I’m looking forward to spending 5 days or so at the start of July in Gastrotourism super-hub, San Sebastian. Obviously I’ve got a massively hyped cash splurge of a fancy restaurant booked up, and that is undoubtedly a major factor in my excitement. However I think I am most excited about exploring the many tapas and pintxos bars that the town has to offer. Sure, two and three Michelin Star restaurants are as common in San Sebastian as Jamie’s Italians are in London, but for all the thrills, I’d wager there’ll be disappointments and starchy formality too … and I can’t afford more than one swanky meal anyway.
In the meantime, the continued growth of tapas and pintxos bars in London has been simultaneously satisfying urges and building up anticipation for Spain.
I think that other than Barrafina and Morito, some of the best tapas in central London is to be found in the sherry bars featured in this post here. But new Marylebone restaurant Donastia is apparently a decent bet; Brindisa continues to expand (as will Barrafina); the Salt Yard restaurants do the job well; and the ‘Pix’ bars in Soho and Covent Garden are also an option (though I didn’t think much after an hour or so of grazing in the Covent Garden one).
In addition to all of those is Copita in Soho, which is arguably the most interesting of the lot.
Interesting because the food goes far beyond standard tapas fare. There are almonds, olives, anchovies, jamon and cheese, obviously. But there’s more adventure than we are used to too: croquettes are green taste bombs of sweet peas and truffle oil with a soft goat’s cheese centre, rather than bland, unimpressive deep fried cheesy mash or béchamel (I’m so bored of ‘plain vanilla’ yet pricey croquets/croquettas/croquettes).
Better still, the ‘bigger’ dishes on the lower part of the menu change regularly and seek to impress with modern techniques (like sous vide egg yolks), interesting ingredients (kid in harissa was on when I was there), and intense flavour combinations (such as Galician beef rump and long-cooked pequillo peppers).
In many respects it did impress. That beef rump and pepper dish was awesome. Beautiful, sweet peppers and tender, meaty, flavoursome beef. The egg yolk, whilst less novel now than in 2010 and more gelatinous than I like (drop the bath by a degree please chaps), went well with subtly smoked haddock and sweet broad beans in a dish that was both luxurious and light. I remember the dressing of some grilled gem lettuce was seriously tasty as well, though it was a while ago and I don’t recall any more detail than that.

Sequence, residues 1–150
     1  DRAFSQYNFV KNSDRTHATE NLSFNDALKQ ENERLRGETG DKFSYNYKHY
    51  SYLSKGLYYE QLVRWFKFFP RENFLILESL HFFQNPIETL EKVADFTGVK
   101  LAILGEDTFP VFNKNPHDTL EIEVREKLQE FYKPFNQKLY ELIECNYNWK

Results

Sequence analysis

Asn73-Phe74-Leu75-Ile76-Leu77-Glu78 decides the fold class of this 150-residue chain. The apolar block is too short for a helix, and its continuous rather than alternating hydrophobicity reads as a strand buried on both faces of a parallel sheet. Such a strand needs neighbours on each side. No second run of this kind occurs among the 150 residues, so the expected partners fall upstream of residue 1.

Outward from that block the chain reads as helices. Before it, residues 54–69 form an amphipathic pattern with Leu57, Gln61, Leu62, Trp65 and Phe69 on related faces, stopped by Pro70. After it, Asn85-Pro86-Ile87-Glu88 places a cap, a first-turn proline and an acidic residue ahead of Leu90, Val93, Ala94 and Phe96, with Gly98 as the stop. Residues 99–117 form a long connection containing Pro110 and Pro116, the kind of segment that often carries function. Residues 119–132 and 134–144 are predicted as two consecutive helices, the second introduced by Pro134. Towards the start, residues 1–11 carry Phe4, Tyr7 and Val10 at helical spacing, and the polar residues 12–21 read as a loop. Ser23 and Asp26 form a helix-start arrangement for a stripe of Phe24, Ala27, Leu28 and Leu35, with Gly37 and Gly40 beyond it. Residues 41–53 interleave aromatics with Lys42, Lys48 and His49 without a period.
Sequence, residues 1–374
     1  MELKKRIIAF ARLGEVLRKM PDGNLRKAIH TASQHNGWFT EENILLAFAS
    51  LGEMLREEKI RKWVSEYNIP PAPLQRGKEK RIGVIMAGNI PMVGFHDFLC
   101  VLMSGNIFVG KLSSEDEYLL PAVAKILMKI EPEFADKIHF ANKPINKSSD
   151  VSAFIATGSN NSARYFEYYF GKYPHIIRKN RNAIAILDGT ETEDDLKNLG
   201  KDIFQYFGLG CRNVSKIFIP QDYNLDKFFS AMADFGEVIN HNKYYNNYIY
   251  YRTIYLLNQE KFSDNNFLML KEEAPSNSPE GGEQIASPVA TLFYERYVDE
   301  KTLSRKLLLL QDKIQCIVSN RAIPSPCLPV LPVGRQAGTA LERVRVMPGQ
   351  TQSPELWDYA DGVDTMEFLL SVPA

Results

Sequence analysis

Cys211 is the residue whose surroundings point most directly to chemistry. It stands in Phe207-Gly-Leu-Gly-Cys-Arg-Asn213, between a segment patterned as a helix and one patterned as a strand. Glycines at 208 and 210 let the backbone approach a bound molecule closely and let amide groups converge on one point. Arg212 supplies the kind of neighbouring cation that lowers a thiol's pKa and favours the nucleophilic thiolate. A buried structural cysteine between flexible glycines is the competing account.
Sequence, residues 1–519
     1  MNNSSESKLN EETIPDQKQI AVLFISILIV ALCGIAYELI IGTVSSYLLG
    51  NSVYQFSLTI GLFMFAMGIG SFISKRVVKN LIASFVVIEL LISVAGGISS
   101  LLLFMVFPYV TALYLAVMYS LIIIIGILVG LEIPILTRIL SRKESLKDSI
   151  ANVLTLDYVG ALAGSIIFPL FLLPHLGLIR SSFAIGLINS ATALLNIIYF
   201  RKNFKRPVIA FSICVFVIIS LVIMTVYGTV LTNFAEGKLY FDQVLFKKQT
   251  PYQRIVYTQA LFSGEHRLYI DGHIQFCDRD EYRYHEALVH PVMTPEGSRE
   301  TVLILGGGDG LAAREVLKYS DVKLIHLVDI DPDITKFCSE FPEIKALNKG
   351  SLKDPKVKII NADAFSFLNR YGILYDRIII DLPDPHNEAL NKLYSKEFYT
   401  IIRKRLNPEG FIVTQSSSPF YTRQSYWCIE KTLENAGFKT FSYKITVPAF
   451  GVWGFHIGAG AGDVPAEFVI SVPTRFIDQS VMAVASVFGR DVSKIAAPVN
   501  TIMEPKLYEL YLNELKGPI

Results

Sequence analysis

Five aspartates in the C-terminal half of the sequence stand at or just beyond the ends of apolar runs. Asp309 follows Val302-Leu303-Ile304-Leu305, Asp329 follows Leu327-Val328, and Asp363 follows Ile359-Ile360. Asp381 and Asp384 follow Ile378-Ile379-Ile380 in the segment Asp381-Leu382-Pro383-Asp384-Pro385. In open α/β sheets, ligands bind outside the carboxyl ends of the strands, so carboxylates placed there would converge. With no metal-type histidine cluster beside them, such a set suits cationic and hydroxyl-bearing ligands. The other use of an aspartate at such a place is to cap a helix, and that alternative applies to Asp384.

But the food was also lacking something. Something much easier to identify and recall than the finer details of that lettuce dressing. That thing being mass.
I’m not a big person, but I know now how Lemuel Gulliver felt when he was fed loaves of bread the size of bullets. The food was tasty, but boy were the portions small. In fact, they’ve clearly decided plates are not necessary – most food was served in saucers.
I know what you’re thinking. It’s tapas. It’s finger food. If you go and eat in poncy trendy Soho restaurant come bars, what do you expect?
Well I’d expect more than a spoonful of flaked haddock and 7 broad beans with my egg yolk for £6.50, more than 30g of beef with my spoon of sweated peppers for the same price, and, above all, I would rather not want to get a kebab immediately after finishing a meal. It would be wrong to say the portion sizes left a sour taste. But they did leave a rather large hole. £1-£1.50 off the large dishes, 50p off the smaller ones, and we would each have selected an extra dish and walked away sated and happier.
Back to the positives, the staff are friendly and competent and the drink list is wide ranging, with some good stuff at each price point. I’m told that gin and tonics are on the Brobdingnagian scale. I also liked the room. It’s a ‘bar’ with high stools and bar tops to eat off. The obligatory Soho lighting is in place, obviously, and it’s small enough to generate an atmosphere whilst being large enough so as not to feel oppressively crowded.
So I kind of liked Copita, but also left a bit frustrated. That said, when I was there, the room was mostly full of small groups of women in their mid twenties to forties, enjoying a drink and occasionally picking at those saucers, and couples on dates. I suspect both types of customers thought it was more than fit for purpose.
I think Copita is worth a look-in, though as far as London goes, Morito trumps it for lively, non-standard tapas. Bring on San Sebastian.
Copita in 3 words
Lilliputian date place.
If you’re eating, £30 pp without booze. If you’re drinking and nibbling, expect to pay around £3-£7 per item.
copita.co.uk – 27 d’Arblay Street, W1f 8EP – 020 7287 7797
Make sure you nominate your favourite restaurants, retailers, books and blogs in this year’s Observer Food Monthly awards. Click here.